“Certainly, for me, Solange helped encourage that sometimes awkward, stagnant moment I faced when conjuring creative ideas”
Extending her hand to architecture, solid concrete sculptures were built courtesy of the singer in April 2017 with an entirely black entourage clad in fuchsia robes dancing to her tracks with moves choreographed by the singer. Continuing her efforts, a partnership with Uniqlo was forged in the summer of 2018 named Metatronia, a performance art piece exploring the process of creation, which was launched via Hammer Museum in LA. The unique installation located in vacant green land featured equally mesmerizing black dancers, kitted in stylish basics from California State University. Though an unpredictable collaboration, the project seemed to perfectly align with her aesthetic and personally seemed to both engage me and open up an interesting dialogue in the world of commercial advertisement.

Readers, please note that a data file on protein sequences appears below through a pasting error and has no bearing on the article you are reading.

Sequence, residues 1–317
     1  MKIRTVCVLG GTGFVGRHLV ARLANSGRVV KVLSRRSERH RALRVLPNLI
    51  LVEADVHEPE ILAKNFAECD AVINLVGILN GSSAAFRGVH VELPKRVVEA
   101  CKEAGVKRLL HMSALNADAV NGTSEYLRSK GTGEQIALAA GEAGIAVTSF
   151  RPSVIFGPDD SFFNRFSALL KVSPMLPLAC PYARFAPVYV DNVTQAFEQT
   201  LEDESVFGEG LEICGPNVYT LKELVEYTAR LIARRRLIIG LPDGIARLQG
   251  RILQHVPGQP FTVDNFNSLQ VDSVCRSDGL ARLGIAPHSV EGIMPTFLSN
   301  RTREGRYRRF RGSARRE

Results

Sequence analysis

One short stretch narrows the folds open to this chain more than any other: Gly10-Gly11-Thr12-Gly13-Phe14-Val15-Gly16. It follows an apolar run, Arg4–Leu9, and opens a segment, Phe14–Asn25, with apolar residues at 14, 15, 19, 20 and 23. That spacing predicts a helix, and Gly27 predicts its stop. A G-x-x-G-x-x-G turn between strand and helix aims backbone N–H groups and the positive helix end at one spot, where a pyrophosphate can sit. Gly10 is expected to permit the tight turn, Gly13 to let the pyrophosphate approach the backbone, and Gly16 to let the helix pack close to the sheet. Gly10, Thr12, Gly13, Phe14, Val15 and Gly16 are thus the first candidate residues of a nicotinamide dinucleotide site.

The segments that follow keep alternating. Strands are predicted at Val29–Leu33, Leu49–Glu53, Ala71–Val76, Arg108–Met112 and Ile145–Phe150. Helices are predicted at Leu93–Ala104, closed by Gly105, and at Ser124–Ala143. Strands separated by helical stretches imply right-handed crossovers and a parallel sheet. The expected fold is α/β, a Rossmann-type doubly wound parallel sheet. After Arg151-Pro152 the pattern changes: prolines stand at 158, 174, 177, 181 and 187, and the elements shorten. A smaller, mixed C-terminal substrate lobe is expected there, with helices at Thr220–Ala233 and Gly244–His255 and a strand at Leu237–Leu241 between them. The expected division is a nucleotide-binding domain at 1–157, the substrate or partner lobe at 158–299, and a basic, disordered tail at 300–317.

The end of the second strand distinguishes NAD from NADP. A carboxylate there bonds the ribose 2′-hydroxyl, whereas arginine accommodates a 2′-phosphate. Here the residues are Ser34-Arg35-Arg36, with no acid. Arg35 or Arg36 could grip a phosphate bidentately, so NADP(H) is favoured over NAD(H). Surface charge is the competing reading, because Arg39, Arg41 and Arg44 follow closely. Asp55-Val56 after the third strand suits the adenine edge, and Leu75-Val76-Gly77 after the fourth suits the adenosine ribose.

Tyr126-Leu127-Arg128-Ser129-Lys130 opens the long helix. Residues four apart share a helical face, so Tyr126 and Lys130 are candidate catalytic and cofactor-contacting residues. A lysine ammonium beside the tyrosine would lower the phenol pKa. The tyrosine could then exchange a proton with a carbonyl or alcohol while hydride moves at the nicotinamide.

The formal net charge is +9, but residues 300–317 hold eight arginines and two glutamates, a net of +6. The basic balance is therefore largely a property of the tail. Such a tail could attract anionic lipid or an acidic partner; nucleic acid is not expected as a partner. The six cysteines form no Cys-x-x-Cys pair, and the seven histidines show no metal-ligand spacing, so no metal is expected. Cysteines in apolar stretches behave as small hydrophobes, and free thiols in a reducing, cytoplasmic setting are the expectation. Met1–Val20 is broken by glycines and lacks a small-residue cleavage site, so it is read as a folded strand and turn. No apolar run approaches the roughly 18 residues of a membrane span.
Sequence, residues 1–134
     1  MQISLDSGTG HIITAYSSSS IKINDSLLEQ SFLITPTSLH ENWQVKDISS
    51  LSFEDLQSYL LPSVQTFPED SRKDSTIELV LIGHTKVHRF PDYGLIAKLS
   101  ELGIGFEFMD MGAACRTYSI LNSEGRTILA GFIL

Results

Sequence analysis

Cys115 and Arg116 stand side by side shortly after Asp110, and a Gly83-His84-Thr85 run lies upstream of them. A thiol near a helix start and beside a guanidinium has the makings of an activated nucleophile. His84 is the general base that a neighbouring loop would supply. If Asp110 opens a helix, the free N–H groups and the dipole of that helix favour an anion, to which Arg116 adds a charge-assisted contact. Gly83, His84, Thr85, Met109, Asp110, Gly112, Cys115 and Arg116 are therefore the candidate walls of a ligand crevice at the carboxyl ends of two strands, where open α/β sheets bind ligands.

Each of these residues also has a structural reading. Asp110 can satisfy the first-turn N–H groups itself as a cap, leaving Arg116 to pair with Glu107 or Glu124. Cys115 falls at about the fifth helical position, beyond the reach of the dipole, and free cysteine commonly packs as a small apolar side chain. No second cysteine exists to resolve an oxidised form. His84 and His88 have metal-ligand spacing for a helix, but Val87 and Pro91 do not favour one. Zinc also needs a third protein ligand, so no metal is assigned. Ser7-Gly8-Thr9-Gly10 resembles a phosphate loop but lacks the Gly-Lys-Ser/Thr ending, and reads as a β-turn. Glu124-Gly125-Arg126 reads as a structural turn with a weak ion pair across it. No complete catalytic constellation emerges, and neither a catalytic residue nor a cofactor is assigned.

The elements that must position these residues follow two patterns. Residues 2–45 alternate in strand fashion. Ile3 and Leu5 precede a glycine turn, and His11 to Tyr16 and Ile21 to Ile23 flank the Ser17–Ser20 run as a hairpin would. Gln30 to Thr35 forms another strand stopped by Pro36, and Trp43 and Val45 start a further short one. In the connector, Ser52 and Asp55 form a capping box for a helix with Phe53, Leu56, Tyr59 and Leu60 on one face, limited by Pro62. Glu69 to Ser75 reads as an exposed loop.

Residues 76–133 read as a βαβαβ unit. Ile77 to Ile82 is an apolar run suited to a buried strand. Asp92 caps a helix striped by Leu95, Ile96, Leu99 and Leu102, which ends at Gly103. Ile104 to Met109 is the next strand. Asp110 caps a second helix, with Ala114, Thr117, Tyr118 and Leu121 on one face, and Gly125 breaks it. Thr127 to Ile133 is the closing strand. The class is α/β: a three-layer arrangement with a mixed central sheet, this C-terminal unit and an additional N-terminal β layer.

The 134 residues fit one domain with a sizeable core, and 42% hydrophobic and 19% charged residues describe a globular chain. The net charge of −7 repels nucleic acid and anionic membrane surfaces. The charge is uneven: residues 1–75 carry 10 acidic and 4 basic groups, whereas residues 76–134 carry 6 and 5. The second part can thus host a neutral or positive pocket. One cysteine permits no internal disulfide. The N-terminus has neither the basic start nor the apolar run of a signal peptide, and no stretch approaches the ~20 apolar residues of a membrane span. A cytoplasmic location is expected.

As the eagerly anticipated approach for Solange’s upcoming album rapidly approaches, a new era will be upon us having described the new sound as hints of jazz, drum & bass and electronic influences. Certainly, for me, Solange helped encourage that sometimes awkward, stagnant moment I faced when conjuring creative ideas and carefully nurture that into something that felt like my most authentic self. Of course, like many celebrities in the limelight, perfection is a myth and working on myself will always be a task I place on me. But whether it’s her distinctive vocals, creative flair or sense of style, she has inspired an up-and-coming generation and it’s safe to say I’m ready for the next era of her journey to be unveiled.